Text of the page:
Rambles in England, Part 2

St_Paul's_Cathedral,_London,_England_-_Jan_2010_edit

St. Paul’s Cathedral and John Donne’s Memorial:

I was eager to visit this magnificent cathedral not only for the architecture, but to see the memorial statue of John Donne, who famously penned the words, “No man is an island.” An Elizabethan poet known for his metaphysical style and erotic sonnets, he was dubbed “The Rake.” Later in life he turned to religion and started writing his passionate sonnets to God instead of mistresses. He was ordered by King James I to become an Anglican priest, and in 1621 he was appointed Dean of St. Paul’s. He posed for his own memorial statue, wrapped in a burial shroud, and was later buried in the older cathedral, which burned in the great London fire of 1666. (That wooden cathedral itself replaced original churches on the site, the first recorded as built in AD 604.) His memorial statute was the only one that survived the fire to be installed in the existing cathedral, built in the late 17th century by Christopher Wren.

JohnDonneMemorial I’ve been fascinated for most of my life by the Elizabethan writers, including Shakespeare and Marlowe, and Donne’s writing inspired my novel Islands, set in the Caribbean islands “discovered” by Europeans during that period of exploration. Thematic resonances kept sounding during the writing of the novel, along with equally thematic echoes of “Dr. Faustus” by Marlowe.

I’m just geeky enough to have included a scene with my troubled heroine mourning her brother John Dunne, thumbing through his collection of the poet’s writing. Also trying to distract herself from an unwelcome attraction to the man who might have murdered her brother, she reads lines that begin, “Batter my heart, three person’d God”:

 

Take mee to you, imprison mee, for I

Except you enthrall mee, never shall be free,

Nor ever chaste, except you ravish mee.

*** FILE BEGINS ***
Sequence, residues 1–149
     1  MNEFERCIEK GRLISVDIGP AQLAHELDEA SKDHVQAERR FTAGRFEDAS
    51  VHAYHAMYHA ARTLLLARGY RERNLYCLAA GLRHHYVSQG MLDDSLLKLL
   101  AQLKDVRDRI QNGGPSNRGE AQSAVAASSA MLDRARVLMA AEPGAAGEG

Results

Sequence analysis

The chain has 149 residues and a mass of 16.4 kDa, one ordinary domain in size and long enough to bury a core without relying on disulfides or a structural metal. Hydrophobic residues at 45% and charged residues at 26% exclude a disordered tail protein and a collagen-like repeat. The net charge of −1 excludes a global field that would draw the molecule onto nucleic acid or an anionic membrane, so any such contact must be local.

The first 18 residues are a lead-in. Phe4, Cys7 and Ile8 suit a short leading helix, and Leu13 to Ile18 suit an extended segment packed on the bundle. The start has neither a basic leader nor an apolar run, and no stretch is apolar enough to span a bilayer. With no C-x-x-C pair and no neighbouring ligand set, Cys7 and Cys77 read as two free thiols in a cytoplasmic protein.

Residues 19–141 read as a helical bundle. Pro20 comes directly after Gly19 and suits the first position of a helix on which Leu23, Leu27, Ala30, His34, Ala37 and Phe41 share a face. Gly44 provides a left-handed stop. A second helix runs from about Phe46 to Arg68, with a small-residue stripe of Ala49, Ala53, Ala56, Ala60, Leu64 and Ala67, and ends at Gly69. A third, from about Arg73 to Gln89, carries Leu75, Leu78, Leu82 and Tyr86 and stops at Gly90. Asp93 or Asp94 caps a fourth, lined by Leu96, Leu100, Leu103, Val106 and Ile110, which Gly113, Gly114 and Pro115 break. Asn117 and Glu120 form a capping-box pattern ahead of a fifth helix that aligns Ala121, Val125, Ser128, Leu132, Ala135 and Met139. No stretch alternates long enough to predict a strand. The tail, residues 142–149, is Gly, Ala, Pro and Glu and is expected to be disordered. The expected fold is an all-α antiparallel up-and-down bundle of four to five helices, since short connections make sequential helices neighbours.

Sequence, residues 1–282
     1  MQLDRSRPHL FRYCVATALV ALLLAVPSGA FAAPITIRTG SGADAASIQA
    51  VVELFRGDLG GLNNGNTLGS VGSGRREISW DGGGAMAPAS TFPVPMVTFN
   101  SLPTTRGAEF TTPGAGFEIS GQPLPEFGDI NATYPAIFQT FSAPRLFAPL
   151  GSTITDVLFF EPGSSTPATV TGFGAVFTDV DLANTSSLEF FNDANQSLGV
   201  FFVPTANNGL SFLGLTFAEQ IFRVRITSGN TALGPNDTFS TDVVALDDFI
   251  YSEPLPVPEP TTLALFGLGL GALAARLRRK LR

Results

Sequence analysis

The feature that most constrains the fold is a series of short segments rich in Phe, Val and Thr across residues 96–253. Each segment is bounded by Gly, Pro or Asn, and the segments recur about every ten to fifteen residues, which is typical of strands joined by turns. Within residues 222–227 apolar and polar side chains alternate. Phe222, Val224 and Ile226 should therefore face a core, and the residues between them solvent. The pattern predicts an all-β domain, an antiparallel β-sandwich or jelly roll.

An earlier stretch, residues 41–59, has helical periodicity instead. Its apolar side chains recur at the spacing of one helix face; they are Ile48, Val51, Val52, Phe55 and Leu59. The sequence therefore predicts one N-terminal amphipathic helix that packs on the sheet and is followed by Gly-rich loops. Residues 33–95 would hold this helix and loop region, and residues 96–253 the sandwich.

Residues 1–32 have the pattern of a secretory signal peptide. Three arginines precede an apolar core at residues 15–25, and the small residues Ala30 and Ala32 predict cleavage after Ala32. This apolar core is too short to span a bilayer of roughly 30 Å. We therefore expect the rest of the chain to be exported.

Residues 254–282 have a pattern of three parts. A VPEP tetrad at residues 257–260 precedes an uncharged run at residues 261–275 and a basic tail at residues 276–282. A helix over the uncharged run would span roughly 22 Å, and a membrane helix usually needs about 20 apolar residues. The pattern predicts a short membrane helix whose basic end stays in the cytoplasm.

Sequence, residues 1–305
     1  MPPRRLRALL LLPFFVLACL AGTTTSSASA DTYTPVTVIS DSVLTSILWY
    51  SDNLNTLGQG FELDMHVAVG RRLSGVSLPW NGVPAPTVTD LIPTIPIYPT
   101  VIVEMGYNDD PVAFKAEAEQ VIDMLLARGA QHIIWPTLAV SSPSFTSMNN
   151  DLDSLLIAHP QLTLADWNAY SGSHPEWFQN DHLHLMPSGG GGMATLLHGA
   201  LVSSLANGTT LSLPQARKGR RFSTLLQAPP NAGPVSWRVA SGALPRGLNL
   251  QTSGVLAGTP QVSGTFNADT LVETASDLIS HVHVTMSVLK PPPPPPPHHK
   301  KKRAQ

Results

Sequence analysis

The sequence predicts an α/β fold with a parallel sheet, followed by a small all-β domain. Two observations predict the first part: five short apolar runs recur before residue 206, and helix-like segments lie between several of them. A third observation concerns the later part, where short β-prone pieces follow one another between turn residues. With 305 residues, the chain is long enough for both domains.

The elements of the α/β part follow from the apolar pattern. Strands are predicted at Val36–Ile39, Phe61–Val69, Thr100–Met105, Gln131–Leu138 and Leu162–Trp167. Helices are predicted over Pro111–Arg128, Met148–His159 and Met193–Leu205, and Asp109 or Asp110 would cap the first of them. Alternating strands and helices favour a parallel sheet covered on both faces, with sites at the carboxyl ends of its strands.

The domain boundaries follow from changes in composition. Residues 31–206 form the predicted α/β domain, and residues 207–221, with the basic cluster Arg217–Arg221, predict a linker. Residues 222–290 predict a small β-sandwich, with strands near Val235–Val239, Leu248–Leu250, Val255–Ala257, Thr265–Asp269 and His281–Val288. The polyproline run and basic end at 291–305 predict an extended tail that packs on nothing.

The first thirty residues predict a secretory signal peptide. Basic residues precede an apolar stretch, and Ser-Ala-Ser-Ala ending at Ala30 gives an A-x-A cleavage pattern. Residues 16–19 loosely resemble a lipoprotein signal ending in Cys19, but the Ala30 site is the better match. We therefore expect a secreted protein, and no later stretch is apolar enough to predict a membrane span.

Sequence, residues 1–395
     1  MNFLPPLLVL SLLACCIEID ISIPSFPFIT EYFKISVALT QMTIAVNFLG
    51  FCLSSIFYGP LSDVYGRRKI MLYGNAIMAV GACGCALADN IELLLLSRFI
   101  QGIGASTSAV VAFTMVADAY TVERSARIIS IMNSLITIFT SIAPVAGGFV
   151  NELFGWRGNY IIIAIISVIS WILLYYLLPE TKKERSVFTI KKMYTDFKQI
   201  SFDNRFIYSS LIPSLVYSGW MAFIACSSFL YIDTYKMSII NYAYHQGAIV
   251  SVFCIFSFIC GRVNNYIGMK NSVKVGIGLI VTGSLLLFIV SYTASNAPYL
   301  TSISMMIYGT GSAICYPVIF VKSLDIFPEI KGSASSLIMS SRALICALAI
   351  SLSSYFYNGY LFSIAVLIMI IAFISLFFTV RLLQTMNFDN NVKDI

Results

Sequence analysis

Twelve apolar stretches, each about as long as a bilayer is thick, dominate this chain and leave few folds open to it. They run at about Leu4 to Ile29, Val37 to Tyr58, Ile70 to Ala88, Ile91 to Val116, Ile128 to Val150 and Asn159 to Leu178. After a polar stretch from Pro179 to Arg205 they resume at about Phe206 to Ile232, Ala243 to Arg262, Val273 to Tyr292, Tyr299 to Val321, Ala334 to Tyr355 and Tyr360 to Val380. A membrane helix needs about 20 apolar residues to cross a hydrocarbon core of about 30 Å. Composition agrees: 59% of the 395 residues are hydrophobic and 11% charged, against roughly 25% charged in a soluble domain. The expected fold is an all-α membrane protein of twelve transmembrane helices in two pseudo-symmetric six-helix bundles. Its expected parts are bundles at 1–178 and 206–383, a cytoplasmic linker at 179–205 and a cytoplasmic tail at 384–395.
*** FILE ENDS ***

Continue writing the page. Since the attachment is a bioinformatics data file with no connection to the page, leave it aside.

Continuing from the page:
Caught in a confusing erotic dilemma, she slams down the book.

imagesLeaving John Donne’s presence behind, I moved on to the memorials of the Duke of Wellington, Lord Horatio Nelson, and Florence Nightingale, then climbed into the dome to the “whispering gallery” where mysterious voices—from the past, or present?—haunt visitors who make the pilgrimage.

A last note before leaving: If you’re fondly recalling Mary Poppins singing, “Feed the birds, tuppence a bag,” it will cost considerably more than tuppence if you emulate her. There’s a stiff fine for feeding the pigeons outside St. Paul’s Cathedral, despite all those saints and apostles watching over them.

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Rambles in England, Part 2 — 7 Comments

  1. The pre-Great-Fire St Paul’s Cathedral wasn’t wooden, it was built of stone like all the other cathedrals in England. It unfortunately happened to be covered with wooden scaffolding for repairs and refurbishment during the Great Fire, which contributed towards its destruction.

      • Absolutely the ceiling beams were wooden. Lots of stone buildings have wooden beams for the ceiling. That doesn’t mean the building is wooden.

  2. I hadn’t known that Donne posed for his memorial statue. Oh, the jokes he must have cracked while standing there!